“That’s something we talked about — getting into the paint with force, with pace. And if they come, let’s make plays. Just didn’t think we did that. So we’ll figure it out. We’ll be good.”

Maxey was just 1 for 6 from five feet and in. His one interior make was a first-quarter reverse layup created by a swift drive in transition.

“Get him the ball more,” Rivers said. “He’s got to get the ball more, too. I got on him in the first quarter. There were two or three times where he had the ball and gave it up. There was one time where I think Jalen (McDaniels) had it at the top and he just stood in the corner.


“And I asked him, ‘If that was Kobe Bryant, do you think Kobe’s going to stand there? No, he’s going to come get the ball. And you’re one of our scorers. You’ve got to act like that all the time.’ In his defense, it’s hard. It really is. He doesn’t get the ball enough and we have to get him more involved.”

Regardless of whether Harden turns things around, it would indeed make sense for Rivers to be intentional moving forward about calling plays for Maxey and using him in tandem with Embiid as a pick-and-roll ball handler.

In general, the team should not need to manufacture desperation at this point. Though Melton and McDaniels were both good in Game 3’s first half and Georges Niang scored seven straight Sixers points early in the fourth quarter, a rotation change or two would be fair enough in Game 4. Shake Milton and Danuel House Jr. have only played 19.5 meaningful seconds combined so far this series. Milton shouldn’t be expected to save the day, but he’s a guard who can score and has previously helped the Sixers win playoff games. House is a willing wing shooter who likes to play in transition and is up for the challenge of guarding stars.

No strategic tweaks are likely to matter much without better guard play.


“I think players have to show up,” Embiid said. “I’ve got to do my job. Other guys, everybody knows their role. They have to do their jobs. Players have to show up. Obviously, you can make any adjustments you want. But if the players don’t execute, they don’t show up and we don’t make shots, that’s on us. … I’ve got to be better. We’ve all got to be better.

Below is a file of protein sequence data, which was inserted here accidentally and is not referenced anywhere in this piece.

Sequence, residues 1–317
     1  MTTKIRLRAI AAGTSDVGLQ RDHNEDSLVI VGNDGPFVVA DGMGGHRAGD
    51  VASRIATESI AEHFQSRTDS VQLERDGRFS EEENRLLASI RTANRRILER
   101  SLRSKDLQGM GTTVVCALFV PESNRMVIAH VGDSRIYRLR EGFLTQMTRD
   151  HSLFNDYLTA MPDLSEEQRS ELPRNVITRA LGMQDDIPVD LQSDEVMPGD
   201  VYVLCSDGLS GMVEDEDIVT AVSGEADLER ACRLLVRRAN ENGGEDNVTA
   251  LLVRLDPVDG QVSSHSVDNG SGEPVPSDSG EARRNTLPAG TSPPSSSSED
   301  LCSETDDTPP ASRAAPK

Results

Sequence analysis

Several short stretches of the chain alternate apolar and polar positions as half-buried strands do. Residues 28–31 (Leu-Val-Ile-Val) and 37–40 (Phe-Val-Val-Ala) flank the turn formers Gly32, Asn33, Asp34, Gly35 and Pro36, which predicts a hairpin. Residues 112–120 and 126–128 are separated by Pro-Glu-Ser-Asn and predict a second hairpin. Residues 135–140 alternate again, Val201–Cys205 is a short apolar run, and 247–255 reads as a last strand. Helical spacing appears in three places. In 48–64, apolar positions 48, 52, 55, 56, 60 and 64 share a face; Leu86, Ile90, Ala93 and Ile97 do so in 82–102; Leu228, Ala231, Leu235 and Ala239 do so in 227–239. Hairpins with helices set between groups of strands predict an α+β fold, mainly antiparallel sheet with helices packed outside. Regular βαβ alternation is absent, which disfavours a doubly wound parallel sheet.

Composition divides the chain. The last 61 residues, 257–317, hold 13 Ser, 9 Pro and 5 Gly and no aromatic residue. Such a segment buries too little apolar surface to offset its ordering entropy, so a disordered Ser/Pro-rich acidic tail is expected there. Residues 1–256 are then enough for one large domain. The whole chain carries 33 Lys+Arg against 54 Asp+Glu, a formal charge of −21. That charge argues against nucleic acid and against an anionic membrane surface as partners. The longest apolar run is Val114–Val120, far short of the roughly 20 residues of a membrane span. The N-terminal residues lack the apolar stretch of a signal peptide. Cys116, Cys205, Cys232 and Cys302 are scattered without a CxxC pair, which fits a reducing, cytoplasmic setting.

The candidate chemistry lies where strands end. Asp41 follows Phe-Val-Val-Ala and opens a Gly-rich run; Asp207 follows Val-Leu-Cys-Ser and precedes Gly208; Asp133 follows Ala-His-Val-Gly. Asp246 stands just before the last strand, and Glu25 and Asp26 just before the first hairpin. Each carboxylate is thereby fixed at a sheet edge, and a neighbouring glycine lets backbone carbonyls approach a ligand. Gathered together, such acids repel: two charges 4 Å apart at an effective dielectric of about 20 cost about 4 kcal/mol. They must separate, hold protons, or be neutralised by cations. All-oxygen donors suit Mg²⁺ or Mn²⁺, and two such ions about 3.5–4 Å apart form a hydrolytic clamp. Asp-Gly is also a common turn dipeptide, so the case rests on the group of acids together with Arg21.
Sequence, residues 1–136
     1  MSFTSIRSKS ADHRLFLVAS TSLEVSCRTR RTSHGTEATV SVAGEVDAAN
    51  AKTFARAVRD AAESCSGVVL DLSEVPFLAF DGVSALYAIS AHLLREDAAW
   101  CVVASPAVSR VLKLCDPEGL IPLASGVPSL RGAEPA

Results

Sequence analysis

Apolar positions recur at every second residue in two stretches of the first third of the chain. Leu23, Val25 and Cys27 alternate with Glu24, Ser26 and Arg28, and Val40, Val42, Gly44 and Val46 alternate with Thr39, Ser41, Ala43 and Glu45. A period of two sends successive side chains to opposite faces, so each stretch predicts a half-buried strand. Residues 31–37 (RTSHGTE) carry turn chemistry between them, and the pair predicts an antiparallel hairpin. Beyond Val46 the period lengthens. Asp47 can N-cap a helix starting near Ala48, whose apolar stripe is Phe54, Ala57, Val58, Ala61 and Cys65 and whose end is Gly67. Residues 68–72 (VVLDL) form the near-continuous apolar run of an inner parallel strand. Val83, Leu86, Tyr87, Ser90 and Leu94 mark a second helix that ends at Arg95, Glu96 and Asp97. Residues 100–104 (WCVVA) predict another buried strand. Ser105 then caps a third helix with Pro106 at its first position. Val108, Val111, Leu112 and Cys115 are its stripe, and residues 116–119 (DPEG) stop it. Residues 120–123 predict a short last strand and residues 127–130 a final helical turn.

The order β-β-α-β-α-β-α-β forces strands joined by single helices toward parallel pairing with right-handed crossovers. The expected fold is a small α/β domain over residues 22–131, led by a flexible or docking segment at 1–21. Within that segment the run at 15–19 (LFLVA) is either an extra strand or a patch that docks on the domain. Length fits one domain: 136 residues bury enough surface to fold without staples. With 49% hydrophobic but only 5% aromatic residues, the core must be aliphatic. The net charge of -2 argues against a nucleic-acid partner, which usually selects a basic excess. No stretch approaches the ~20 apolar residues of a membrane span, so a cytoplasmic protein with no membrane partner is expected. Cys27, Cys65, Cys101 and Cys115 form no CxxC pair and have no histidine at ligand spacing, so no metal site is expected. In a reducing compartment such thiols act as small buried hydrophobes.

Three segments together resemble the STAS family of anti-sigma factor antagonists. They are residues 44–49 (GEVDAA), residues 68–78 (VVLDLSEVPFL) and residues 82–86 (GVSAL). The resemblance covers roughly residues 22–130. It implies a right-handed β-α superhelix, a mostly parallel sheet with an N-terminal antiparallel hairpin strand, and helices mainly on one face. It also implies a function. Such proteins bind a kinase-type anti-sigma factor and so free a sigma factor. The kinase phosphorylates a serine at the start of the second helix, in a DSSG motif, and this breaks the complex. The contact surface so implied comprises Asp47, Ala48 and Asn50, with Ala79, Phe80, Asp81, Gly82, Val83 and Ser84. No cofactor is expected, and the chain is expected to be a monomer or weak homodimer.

“We just haven’t been good enough the last two games. No sense of urgency. But it’s the small things. I think we’ve been fine guarding them in the half court. It’s just those loose-ball situations, offensive rebounds, and then they knock down a three or score off of it. It just changes everything.”

Embiid was asked how he specifically can help Harden.

“You just talk to him and you just keep telling him to keep shooting, be aggressive,” he said. “That’s why you can’t get too high and you can’t get too low. Some nights you’re going to make a lot of shots, a lot of tough ones, and some nights you’re not going to make ‘em.


“So it’s about finding other ways to impact the game. For example, for myself, if I’m not making shots, I know that I’ve got to take another step defensively. I’ve got to become like Bill Russell defensively to have a bigger impact. In that situation, that’s the way I see it. Got to get my teammates more involved.

“And as far as for him, obviously it’s up to him to figure out how to best help us. But like I said, he’s fine. Sometimes you make ‘em, sometimes you miss ‘em. We made a lot of shots in Game 1. The last two games, it hasn’t been going in. I have the trust in him. Just telling him to keep being aggressive and keep shooting.”